AWRA Urges Establishment of National Water Commission

The American Water Resources Association (AWRA), on behalf of a recently conducted Second National Water Policy Dialogue, has urged federal and state governments to establish a National Water Commission to chart a path for the future.

The American Water Resources Association (AWRA), on behalf of a recently conducted Second National Water Policy Dialogue, has urged federal and state governments to establish a National Water Commission to chart a path for the future.

The Dialogue, held in Tucson, Ariz., earlier this year, was conducted by AWRA under the sponsorship of nine federal agencies and 40 state, local, business, and non-governmental organizations.

AWRA said governments should address the nation’s water issues in an integrated manner, focusing not on single projects but on programs and watershed and basin level issues.

It said they should reconcile the myriad laws, executive orders and congressional guidances that have created a disjointed, ad-hoc national water policy and should clearly define goals.

AWRA said federal, state, tribal, and local governments need to collaborate rather than compete to provide better and more fiscally efficient use of scarce resources and to overcome decision gridlock on key water programs.

It said the nation’s scientific capabilities and technologies need better focus to support more effective water related decision-making.

And AWRA said public officials and the public should be educated about the extent and complexity of water challenges and the specific need to provide funding to support for water resources infrastructure.

Stream, Wetland Protection Proposed

Legislation to strengthen protection for streams, wetlands, and other waters has been proposed by 127 members of the U.S. House of Representatives.

The effort was led by Reps. James Oberstar (D-Minn.), James Leach (R-Iowa), Sherwood Boehlert (R-N.Y.), and John Dingell (D-Mich.).

In effect, the bill overturns the 2001 Supreme Court decision in the case of The Solid Waste Agency of Cook County vs. Army Corps of Engineers (the SWANCC case), which limited the Corps’s authority over certain wetland areas.

“This bill will amend the Clean Water Act to reestablish the original intent of Congress in that 1972 law to restore and maintain the chemical, physical, and biological integrity of the Nation’s waters,” said Oberstar. “The SWANCC case was decided 5-4 contrary to the intent of Congress and against the grain of nearly 30 years of judicial and administrative precedent.”

Dingell said, “The Supreme Court got it wrong, and now the Bush administration is using this narrow ruling to attempt to rollback over 30 years of Clean Water Act progress. The legislative history of the Clean Water Act clearly and unambiguously states that the statute applies to all the waters of the U.S.”

Groups Object To Federal Mandates

Two government groups have complained at a House Government Reform Committee hearing about federal mandates that must be funded by state and local governments.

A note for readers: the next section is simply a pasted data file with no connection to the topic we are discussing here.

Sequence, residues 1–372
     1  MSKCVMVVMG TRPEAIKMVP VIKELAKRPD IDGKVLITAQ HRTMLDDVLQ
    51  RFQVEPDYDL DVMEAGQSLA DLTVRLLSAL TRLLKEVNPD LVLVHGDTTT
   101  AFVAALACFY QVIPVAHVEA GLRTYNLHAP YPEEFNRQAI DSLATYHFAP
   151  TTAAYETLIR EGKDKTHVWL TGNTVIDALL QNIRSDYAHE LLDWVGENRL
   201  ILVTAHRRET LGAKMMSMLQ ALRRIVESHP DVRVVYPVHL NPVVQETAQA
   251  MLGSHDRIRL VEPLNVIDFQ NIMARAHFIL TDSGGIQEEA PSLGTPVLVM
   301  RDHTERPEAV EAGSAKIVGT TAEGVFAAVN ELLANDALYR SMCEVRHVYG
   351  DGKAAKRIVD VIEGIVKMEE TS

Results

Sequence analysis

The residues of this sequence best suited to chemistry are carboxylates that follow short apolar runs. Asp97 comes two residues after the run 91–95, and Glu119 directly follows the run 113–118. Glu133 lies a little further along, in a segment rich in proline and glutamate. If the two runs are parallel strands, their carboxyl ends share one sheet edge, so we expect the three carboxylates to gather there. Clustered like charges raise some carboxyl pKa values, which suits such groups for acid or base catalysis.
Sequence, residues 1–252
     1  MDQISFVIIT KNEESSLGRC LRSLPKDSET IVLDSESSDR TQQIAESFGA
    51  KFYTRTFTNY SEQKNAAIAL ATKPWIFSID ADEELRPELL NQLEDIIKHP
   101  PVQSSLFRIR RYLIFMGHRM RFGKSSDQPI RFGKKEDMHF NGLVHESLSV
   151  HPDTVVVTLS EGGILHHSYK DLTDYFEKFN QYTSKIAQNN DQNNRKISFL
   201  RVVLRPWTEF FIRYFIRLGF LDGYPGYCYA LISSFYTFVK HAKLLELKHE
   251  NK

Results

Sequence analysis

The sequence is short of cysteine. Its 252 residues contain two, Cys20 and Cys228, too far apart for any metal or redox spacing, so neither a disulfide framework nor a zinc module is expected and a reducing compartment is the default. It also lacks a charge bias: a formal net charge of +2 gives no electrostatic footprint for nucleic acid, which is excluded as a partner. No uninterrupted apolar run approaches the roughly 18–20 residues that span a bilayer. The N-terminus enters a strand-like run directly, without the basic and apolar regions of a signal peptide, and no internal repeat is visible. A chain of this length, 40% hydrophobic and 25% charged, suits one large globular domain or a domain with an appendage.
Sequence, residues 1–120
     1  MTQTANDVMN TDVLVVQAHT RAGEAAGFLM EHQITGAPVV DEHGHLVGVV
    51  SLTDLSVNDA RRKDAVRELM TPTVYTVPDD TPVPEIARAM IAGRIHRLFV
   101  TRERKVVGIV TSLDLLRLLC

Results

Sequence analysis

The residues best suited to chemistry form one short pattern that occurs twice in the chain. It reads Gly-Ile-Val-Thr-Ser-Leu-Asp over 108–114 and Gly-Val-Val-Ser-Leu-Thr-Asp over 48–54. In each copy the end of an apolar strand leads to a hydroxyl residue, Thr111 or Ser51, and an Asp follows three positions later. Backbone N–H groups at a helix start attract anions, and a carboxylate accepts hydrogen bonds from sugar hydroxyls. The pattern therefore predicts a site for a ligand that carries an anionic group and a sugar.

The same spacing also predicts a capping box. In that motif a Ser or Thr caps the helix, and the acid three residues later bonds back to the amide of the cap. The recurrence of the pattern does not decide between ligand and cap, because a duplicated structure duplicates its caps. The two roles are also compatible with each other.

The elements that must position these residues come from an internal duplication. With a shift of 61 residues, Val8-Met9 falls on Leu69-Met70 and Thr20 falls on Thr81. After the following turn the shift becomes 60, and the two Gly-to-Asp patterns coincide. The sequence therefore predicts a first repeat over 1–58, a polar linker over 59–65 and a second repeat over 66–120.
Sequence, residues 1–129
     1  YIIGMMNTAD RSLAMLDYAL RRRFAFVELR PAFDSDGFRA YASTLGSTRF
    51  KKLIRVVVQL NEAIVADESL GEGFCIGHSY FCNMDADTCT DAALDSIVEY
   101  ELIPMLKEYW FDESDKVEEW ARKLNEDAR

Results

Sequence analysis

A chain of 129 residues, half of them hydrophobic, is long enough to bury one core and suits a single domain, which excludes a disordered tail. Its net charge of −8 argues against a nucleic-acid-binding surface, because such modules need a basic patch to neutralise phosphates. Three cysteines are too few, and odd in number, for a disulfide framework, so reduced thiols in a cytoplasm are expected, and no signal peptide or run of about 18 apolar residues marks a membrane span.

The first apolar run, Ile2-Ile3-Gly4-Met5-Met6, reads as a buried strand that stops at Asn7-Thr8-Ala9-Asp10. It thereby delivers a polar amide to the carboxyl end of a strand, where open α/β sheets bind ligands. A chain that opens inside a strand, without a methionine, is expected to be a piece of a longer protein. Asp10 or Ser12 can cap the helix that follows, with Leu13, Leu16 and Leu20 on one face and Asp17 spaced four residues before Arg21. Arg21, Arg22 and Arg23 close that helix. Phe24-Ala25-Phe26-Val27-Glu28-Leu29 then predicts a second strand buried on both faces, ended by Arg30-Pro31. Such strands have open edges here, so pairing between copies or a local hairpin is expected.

Angelo Kyle, National Association of Counties president and a Lake County, Ill., board member, said the Unfunded Mandates Reform Act (UMRA) was a landmark achievement although the law was neither comprehensive nor a perfect solution.

“Counties continue to struggle with mandates that were adopted prior to the passage of [UMRA], such as the Clean Air Act and the Clean Water Act,” Kyle testified. “Regulatory mandates such as these have become more strict and expensive to implement over time, especially for counties with fewer resources.

“If the federal government believes that it knows best how to clean county water supplies, or run county elections, or manage county hospitals, then it should at least pay for the mandates that it passes on to county officials,” he said.

The National Conference of State Legislatures said it identified at least $30 billion in federal unfunded mandates and cost shifts in the 2006 federal budget proposal.

“While most state lawmakers would applaud Washington’s desire to balance the federal budget, to do so at the expense of state budgets is counterproductive,” said Maryland Delegate John Hurson, NCSL’s president. “Many programs that began as state-federal partnerships have become a one-sided relationship and are eroding state lawmakers’ control of their own state budgets.”

He said as unfunded mandates continue to mount, state lawmakers estimate that the federal government will shift more than $300 billion to state budgets during the next 10 years.

Lead Rules

EPA has issued a plan to tighten controls on lead in drinking water beginning next year.

EPA said the action would improve monitoring, treatment, lead service line management and customer awareness. The plan also addresses lead in tap water in schools and child care facilities to further protect vulnerable populations.

Ben Grumbles, EPA assistant administrator for water, said: “We need to free people from worrying about lead in their drinking water. This plan will increase the accuracy and consistency of monitoring and reporting, and it ensures that where there is a problem, people will be notified and the problem will be dealt with quickly and properly.”

EPA said from 1995-2004, states have concluded 1,753 enforcement actions to ensure compliance with the Lead and Copper Rule (LCR), and EPA has concluded 570.

EPA said drinking water picks up lead as it passes through pipes and household plumbing fittings and fixtures. The LCR, issued in 1991, required water utilities to reduce lead contamination by controlling the corrosiveness of water and, as needed, replace lead service lines.

EPA said its review of state and utility implementation shows that the LCR has been effective in more than 96% of water systems that serve 3,300 people or more. WW

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